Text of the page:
Sharing the Song of Their People

Like our readers, we are endlessly curious about our dog breeds,  and that makes us perpetual students. It’s probably why we’re always surprised to be consulted for advice, and more often than not, we field those questions to readers (or the writer’s veterinarian).  A question we got earlier today prompts this post: Why does my Dachshund bark so much?

We weren’t aware that Dachshunds bark inordinately more than other breeds – and we’re pretty sure they don’t bark more than our Pulik.  As herding dogs that use their bark to work, we accepted long ago that a Puli always has an opinion, and he or she isn’t afraid to share it.  But we got curious enough to inquire about Dachshunds, and what we gleaned from a bit of reading makes sense.

Dachshunds are working dogs – hunters, to be precise. Historically, standard size Dachshunds were used to hunt badgers (a prickly critter that takes a courageous dog to hunt it!) while miniature Dachshunds pursued smaller game (think squirrels and rabbits).  Having chased the prey into their sett (the hidey hole a badger digs) or burrow, they bark very loudly to communicate their location to other pack members or their human hunter/owner. Bottom line:  Barking is part of a Dachshund’s genetic job description.

All dogs bark. Barking is how dogs communicate, and some breeds “communicate” more than others. In those breeds, it’s normal. Our sense, however, is that a well-socialized and trained Dachshund doesn’t bark just to hear his own voice, there is typically a reason for their barking. This is a highly intelligent breed that takes its duties seriously, and barking at anything (or anyone) a Dachshund perceives to be a threat is what she or he does.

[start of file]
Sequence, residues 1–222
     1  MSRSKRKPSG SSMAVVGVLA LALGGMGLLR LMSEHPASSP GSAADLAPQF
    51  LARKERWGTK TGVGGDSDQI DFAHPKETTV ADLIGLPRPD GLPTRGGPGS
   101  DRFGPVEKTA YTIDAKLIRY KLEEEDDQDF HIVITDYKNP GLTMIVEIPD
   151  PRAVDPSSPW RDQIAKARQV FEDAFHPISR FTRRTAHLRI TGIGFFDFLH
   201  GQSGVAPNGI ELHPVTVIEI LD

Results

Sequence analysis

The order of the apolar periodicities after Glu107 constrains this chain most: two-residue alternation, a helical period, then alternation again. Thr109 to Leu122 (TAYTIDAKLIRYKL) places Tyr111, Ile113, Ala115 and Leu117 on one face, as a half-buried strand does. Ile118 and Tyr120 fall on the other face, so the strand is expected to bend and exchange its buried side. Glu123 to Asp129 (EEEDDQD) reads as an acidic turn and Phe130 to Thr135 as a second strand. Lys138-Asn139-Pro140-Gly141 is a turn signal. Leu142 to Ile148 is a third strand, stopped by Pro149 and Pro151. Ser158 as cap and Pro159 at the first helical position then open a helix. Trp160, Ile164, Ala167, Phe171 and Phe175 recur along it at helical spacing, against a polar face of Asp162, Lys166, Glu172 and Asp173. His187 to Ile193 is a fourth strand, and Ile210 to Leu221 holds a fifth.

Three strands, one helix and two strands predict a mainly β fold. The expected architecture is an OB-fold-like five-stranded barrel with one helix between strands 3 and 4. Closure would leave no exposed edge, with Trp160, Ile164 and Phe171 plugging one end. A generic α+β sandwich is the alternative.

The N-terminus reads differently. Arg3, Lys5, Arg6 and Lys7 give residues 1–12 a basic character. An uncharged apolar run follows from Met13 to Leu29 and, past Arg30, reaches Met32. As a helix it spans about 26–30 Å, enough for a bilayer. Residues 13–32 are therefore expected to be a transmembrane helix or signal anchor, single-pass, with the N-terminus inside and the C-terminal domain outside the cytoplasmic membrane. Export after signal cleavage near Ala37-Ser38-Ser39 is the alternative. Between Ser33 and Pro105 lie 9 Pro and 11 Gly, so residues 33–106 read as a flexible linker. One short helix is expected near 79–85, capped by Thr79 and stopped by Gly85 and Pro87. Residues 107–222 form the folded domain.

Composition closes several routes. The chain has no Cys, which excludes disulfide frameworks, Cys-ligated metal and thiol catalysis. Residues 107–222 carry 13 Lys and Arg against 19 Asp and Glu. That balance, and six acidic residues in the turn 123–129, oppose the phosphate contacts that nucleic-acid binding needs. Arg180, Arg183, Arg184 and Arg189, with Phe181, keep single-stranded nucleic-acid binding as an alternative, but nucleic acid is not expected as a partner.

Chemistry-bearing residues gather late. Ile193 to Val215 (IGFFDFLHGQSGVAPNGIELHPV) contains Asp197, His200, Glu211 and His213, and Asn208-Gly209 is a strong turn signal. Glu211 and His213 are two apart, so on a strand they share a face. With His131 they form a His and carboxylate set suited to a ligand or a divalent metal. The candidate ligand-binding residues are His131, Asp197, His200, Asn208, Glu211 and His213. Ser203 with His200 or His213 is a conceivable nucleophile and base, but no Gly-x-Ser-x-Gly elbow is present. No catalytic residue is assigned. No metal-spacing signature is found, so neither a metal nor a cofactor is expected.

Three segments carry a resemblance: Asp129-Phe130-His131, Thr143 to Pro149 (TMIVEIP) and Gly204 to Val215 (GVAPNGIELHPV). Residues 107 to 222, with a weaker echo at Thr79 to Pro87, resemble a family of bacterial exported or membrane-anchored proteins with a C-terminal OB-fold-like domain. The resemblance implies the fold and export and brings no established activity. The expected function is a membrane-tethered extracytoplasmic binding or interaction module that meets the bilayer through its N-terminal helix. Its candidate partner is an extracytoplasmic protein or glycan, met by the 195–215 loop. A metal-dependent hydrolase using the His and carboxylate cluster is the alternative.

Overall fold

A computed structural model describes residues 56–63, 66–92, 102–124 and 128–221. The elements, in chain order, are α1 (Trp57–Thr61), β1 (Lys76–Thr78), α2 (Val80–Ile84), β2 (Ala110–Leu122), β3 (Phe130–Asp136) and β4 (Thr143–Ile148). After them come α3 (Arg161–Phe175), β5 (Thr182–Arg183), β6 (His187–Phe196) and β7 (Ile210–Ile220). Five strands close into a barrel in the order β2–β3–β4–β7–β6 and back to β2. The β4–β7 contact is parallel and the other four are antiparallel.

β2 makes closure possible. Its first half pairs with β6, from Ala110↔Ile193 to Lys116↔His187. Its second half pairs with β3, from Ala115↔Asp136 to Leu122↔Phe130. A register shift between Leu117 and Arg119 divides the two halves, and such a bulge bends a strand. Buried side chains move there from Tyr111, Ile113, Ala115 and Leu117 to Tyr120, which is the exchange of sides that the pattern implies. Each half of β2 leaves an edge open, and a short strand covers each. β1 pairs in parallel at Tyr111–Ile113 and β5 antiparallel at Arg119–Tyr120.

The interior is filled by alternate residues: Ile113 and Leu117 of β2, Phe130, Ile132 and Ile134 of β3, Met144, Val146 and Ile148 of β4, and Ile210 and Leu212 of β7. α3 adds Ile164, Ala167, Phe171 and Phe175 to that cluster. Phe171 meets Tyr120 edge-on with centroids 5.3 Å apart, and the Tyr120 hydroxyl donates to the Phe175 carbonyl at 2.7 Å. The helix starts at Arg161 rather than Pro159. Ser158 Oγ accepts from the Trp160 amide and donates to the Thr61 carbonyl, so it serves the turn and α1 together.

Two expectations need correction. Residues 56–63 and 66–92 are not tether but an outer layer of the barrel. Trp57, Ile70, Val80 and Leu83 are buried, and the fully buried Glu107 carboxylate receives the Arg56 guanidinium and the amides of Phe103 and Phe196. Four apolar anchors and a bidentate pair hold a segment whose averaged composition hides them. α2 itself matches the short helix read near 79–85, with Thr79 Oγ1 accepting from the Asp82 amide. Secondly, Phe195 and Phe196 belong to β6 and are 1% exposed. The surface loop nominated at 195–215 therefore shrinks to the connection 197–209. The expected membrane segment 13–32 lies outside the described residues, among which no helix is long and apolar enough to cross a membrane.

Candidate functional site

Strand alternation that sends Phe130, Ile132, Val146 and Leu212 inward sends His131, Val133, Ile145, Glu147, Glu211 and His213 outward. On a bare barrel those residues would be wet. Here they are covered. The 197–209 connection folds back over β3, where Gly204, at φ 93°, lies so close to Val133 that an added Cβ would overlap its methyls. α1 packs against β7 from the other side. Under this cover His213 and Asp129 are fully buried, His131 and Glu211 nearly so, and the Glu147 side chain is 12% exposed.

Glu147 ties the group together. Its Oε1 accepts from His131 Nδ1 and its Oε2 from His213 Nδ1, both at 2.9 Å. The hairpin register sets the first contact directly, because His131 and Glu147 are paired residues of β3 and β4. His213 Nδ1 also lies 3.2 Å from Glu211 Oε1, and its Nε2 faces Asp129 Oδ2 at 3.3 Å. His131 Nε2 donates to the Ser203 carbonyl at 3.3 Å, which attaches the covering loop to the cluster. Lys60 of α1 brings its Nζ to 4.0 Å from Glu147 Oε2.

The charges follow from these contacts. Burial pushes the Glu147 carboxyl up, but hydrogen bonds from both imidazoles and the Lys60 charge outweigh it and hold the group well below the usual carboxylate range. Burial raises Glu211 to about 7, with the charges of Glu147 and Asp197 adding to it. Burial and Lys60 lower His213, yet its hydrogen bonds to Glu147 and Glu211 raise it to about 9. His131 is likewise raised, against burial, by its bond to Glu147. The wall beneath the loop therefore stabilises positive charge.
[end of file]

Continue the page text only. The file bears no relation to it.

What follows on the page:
That said, excessive barking may suggest fear, discomfort, anxiety, pain, or boredom, and it’s up to the owner to determine what is excessive, and what is at the root of it.  It’s also up to potential Dachshund owners to do their homework and realize that this is a breed that loves to “share the song of their people” with anyone who will listen (and some that won’t).

Dachshund owners, what say you?

Image: This marvelous painting was created by Victoria Coleman who depicts many breeds, but really has captured the Dachshund. Visit and support her work here

5 thoughts on “Sharing the Song of Their People”

  1. As standard dachshund owners with both dogs participating in Earthdog and Barn Hunt, we can attest to their hunting vocalization and that vocalization is critical to their sports (it is their “tell” in Barn Hunt and their notification of cornered prey in Earthdog). What is funny is one dachshund participates in flyball. Her prey is then is the ball and she is quite vocal to the other dogs on her team to get their ball!

    • GET THAT BALL! Now THAT we’d like to see, David. A bossy Dachshund into the game!

  2. Dachshunds must communicate with their human partners to let them know exactly where they are in an underground tunnel with the quarry cornered. They must have a good set of lungs and enough space in the ribs to use them. The hunters locate about where underground the prey is trapped and with pick and shovel they dig down to expose the badger and dispatch it. It takes a dog with a lot of courage and determination to stop a badger from bolting away and a lot of lung to let the people know the prey is still in place. Likewise for rabbit dogs, dachshunds keep the hunter informed about where the rabbit went, where it is headed and how close the dog is following. Their voice is not primarily for challenging but as a beacon for its “pack”.
    Having said all that, my dachshunds bark up and down the fence at the neighbor’s dog, bark in the car if there are pedestrians in view, and bark with excitement to go outside and again to come back in for breakfast.

  3. My female standard dachshund has the song of her people down pat and can sing it at the top of her lungs … but she is particular in which version to sing when. She hunts silently, but bursts into full voice (spurlaut) once she’s on a hot live track. Even if I’m well behind her, I can tell instantly when she hits a rabbit track.

    It’s an entirely different sound than barking at people coming to the house or even chasing the resident squirrel up a tree.

    She is generally vocal and communicates well (I can tell the difference between “I need to go potty”, “It’s dinner time” and “Mom! I’m bored! Let’s play!”, but she is not an indiscriminate barker and has a good off-button … unless there’s a rabbit. 🤷🏼‍♀️

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